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Plymouth To Replace Street Lights

Plymouth would like to replace every street light in the city (there are 28,000 of them) using LED bulbs that are more energy efficient than a standard type of bulb. This project is part of an energy saving strategy costing £13 million. They also wish to install solar panels on 19 buildings that the city owns in an endeavour to reduce costs and the city’s carbon footprint. Another aspect of the project will be to replace inefficient and dated boilers.

A meeting of the city’s Cabinet is scheduled to take place on 12th February 2013 when it is hoped agreement can be reached so that the council can start on an energy programme scheduled to run for 4 years.

Pre-war Plymouth city centre
(image credit: Richard and Gill)

According to Councillor Mark Lowry who is the Cabinet member for finance, it is estimated that the project will result in a massive saving of £1.5 million per annum over a 20-year period as well as reduce the emission of carbon by anything up to 3,200 tonnes per annum.

The city appear to be getting right behind the installation of solar panels as they have already been fitted to four council buildings at Frederick Street Youth Centre, Douglas House, Martins Gate and Midland House. The solar panels on these buildings are capable of generating 82.5kW of electricity. These buildings should save anything approaching £11,000 per annum and emissions of carbon should drop by 37 tonnes per annum.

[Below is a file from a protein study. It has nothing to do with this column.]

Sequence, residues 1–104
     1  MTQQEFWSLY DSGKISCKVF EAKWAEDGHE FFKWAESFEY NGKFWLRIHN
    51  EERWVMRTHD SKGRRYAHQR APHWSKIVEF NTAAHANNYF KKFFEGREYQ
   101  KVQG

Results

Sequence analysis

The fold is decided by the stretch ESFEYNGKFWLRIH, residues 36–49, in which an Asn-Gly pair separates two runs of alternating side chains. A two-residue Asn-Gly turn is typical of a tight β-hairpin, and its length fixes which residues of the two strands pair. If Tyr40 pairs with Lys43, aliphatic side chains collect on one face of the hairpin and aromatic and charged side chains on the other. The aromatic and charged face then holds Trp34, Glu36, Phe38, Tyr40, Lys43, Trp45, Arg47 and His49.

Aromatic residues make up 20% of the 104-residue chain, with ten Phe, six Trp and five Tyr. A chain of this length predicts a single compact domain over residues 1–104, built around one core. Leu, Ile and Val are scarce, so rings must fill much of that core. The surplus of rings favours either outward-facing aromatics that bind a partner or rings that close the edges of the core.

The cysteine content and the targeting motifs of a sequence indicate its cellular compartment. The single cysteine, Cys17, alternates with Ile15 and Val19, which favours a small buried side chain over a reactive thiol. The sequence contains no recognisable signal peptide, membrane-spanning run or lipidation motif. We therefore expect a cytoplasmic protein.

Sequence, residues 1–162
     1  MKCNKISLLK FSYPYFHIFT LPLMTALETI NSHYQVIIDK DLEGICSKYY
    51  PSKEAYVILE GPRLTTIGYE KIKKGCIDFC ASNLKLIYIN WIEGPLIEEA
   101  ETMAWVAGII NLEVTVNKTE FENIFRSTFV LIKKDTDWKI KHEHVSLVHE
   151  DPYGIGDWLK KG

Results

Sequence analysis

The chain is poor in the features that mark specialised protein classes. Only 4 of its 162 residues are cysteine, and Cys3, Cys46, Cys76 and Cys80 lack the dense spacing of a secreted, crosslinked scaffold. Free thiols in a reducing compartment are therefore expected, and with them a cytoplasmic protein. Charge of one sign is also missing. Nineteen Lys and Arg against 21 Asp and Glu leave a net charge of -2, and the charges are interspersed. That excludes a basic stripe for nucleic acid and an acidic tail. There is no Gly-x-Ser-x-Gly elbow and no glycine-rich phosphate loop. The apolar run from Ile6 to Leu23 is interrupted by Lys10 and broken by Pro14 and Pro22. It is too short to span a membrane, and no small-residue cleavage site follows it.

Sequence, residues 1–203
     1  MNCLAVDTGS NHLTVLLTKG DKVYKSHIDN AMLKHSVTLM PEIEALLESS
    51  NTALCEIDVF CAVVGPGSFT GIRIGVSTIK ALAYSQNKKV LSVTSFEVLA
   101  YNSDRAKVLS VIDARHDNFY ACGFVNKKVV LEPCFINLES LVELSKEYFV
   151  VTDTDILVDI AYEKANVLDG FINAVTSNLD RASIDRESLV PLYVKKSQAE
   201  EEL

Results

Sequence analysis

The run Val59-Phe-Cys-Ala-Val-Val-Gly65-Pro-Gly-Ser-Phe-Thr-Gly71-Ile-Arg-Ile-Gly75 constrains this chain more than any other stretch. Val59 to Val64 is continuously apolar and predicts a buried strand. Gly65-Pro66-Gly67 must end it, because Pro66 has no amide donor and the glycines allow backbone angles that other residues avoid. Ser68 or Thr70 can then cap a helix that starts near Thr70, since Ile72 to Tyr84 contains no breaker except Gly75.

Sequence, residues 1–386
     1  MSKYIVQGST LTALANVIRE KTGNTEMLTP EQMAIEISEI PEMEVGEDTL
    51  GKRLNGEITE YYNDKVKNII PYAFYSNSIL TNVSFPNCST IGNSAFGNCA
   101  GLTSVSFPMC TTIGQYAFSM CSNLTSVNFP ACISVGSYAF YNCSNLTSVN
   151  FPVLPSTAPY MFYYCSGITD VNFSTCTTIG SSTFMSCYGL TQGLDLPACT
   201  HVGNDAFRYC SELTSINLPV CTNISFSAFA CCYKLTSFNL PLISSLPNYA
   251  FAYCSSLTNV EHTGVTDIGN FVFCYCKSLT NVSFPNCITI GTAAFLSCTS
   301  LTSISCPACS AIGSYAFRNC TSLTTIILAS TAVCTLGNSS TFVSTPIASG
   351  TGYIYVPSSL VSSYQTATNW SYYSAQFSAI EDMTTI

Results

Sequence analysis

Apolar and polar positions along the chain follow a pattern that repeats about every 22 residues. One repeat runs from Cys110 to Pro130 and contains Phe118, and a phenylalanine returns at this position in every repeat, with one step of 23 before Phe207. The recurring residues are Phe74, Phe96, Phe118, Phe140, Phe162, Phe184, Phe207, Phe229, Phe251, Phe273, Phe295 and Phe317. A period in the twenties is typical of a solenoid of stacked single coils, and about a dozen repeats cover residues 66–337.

There are 14 large schemes under consideration and planning approval is awaited for solar panels to be placed on the Council House.

Councillor Lowry believes that the schemes are intended to save money for residents who pay council tax and increase the environmental friendliness of the city. Apparently, the new street lighting will not use as much power nor will they require as much maintenance. They are also forecast to reduce crime that takes place when it is dark as the lights will be brighter.

It is expected that the solar panels will produce enough electricity to meet the needs of the council buildings but there is unlikely to be any surplus that could be sold back to the National Grid.

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